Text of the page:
1 FEB 2023

The Last Boeing 747
Takes Off From Washington


End of an era

More than 50 years since its first model, the last-ever Boeing 747 has been delivered, marking the end of an era.

Photo: Getty Images

The final four

The final 4 manufactured aircrafts were handed over to their new owner, US air cargo operator Atlas Air, at Boeing’s plant in Everett, Washington, US.

Video: Twitter/museumofflight

Queen of the Skies

Also known as the 'Queen of the Skies', the plane was the first wide-body aircraft ever made and remains one of the most recognisable airliners in history. 

Photo: Getty Images


The development of the 747 began in the 1960s, with the design taking over 4 years. The plane was first unveiled in 1968, and took first flight in 1969.

Photo: Getty Images


The 747's unique design allowed it to carry more passengers and cargo than any other airliner of its time.

Photo: Getty Images

Improved Versions

Over the years, the 747 has undergone numerous upgrades, including more fuel-efficient engines, advanced avionics systems, and increased passenger capacity.

Video: Instagram/Boeing

Military Applications

The 747 has also been adapted for military purposes, including use as a strategic airlifter, aerial refuelling tanker, & military command and control aircraft.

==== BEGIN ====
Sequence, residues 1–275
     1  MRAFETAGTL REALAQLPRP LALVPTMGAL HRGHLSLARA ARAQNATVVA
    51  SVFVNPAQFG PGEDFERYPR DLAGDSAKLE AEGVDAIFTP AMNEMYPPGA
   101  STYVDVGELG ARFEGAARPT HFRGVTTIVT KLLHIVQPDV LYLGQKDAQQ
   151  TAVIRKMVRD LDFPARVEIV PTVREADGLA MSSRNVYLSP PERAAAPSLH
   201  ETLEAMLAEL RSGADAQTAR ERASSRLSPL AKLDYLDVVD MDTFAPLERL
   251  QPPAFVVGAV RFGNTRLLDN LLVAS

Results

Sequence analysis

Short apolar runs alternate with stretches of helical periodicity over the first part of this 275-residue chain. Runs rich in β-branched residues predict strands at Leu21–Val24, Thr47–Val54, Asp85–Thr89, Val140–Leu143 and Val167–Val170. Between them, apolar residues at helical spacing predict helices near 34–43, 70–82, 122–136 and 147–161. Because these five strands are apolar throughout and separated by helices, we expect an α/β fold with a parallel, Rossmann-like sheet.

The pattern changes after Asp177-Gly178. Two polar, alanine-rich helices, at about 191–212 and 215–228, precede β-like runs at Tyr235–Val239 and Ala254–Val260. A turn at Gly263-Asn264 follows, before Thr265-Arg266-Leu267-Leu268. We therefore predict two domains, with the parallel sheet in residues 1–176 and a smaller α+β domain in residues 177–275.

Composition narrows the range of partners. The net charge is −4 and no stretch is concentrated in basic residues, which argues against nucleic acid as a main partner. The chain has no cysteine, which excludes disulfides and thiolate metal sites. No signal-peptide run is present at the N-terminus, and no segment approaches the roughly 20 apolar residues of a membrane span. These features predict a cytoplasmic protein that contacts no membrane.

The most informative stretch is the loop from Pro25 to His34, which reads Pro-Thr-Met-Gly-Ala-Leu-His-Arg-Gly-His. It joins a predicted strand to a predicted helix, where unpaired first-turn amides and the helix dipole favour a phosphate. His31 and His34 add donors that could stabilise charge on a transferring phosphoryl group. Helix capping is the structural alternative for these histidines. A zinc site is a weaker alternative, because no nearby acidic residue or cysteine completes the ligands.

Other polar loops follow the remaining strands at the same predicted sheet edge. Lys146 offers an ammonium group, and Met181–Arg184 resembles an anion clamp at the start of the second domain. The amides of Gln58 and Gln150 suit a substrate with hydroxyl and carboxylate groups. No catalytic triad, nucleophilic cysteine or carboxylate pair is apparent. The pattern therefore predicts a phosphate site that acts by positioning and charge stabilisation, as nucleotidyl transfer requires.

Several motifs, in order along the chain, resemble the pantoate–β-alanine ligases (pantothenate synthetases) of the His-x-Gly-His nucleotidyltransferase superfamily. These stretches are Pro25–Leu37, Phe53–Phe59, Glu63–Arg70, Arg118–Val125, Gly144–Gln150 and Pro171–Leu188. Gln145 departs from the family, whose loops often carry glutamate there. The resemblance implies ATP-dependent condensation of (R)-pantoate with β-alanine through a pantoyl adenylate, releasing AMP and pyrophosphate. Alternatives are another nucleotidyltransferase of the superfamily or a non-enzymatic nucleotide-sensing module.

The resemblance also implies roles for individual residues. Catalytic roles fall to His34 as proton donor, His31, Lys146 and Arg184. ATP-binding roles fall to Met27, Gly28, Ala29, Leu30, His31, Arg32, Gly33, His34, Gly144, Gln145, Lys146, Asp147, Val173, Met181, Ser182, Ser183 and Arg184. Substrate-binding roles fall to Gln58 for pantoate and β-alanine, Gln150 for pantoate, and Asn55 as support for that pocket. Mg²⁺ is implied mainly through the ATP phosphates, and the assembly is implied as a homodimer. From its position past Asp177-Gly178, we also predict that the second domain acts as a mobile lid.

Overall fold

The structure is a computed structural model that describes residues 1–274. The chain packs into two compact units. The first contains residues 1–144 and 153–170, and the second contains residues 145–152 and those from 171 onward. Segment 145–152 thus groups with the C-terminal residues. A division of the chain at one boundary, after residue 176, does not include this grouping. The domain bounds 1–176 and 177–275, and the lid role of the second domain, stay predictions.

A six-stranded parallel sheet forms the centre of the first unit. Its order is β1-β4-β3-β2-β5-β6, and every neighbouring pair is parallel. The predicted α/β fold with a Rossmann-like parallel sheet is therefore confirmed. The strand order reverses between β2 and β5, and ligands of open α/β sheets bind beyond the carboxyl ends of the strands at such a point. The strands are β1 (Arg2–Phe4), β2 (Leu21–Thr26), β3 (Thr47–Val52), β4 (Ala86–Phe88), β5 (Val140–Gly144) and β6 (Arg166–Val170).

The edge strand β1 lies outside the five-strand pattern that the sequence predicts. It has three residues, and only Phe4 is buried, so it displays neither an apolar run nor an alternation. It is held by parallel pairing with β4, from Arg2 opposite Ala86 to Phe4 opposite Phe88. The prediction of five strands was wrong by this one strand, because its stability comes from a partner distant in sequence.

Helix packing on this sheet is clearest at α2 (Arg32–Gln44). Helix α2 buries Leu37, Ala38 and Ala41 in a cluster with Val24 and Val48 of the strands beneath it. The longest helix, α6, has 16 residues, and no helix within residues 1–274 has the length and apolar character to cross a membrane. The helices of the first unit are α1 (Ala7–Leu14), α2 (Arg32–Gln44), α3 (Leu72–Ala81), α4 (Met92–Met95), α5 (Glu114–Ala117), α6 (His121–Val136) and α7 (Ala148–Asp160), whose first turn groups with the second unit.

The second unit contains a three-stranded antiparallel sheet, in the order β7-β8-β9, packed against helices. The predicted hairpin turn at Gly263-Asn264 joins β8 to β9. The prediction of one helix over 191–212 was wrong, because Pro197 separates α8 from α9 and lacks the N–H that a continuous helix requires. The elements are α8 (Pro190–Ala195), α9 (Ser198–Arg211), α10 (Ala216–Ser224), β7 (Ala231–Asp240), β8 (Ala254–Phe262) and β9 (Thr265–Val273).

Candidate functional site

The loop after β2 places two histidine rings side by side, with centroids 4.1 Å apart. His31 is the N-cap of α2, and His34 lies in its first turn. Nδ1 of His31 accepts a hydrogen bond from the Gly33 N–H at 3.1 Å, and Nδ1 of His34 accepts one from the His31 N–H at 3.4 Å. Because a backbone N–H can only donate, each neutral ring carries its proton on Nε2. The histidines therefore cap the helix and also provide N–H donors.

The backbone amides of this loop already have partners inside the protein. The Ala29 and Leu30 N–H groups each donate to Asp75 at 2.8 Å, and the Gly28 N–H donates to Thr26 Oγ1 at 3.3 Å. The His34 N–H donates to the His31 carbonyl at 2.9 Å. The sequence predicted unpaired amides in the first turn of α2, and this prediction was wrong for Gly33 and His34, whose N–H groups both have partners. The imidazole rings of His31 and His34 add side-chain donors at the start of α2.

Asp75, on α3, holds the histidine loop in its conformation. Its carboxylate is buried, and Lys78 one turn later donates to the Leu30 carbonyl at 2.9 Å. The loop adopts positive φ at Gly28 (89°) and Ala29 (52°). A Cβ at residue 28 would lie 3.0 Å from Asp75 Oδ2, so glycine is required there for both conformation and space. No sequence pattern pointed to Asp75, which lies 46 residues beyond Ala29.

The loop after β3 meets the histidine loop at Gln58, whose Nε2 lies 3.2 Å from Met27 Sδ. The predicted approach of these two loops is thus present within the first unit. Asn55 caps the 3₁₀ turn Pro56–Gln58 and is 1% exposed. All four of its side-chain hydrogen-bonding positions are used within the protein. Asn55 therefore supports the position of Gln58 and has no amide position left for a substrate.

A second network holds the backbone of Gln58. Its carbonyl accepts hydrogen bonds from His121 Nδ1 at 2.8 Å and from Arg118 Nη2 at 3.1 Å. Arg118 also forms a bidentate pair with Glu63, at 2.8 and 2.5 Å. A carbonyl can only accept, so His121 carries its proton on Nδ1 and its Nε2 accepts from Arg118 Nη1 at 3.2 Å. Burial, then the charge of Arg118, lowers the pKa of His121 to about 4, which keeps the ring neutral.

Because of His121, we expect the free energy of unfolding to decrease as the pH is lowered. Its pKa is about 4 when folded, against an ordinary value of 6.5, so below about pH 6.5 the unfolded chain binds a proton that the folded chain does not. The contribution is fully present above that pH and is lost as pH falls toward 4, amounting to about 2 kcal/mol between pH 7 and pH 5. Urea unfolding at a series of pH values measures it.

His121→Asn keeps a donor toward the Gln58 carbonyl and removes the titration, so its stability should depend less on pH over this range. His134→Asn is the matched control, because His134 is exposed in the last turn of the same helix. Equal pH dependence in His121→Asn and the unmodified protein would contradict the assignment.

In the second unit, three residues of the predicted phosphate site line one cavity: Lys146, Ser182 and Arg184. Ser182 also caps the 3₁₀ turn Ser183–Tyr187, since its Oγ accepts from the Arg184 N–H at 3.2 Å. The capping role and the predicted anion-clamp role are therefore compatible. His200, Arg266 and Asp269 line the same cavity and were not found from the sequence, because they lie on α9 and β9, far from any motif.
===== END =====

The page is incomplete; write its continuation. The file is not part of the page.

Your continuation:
Photo: Getty Images

Competition and Decline

The 747 faced increased competition from newer and more efficient aircrafts such as the Airbus A380 and the Boeing 777, leading to a decline in sales.

Photo: Getty Images

Iconic Status

Despite its declining sales, the 747 remains an iconic and beloved aircraft, with many recognising it as a symbol of the golden age of aviation.

Photo: Getty Images


Photo: Getty Images

Though many airlines have retired their 747 fleets, the 747 continues to be used for special purposes, such as airfreight and VIP transport.


The 747's unique design, iconic status, and continued popularity have made it one of the most recognisable and beloved aircraft in history.

Photo: Getty Images

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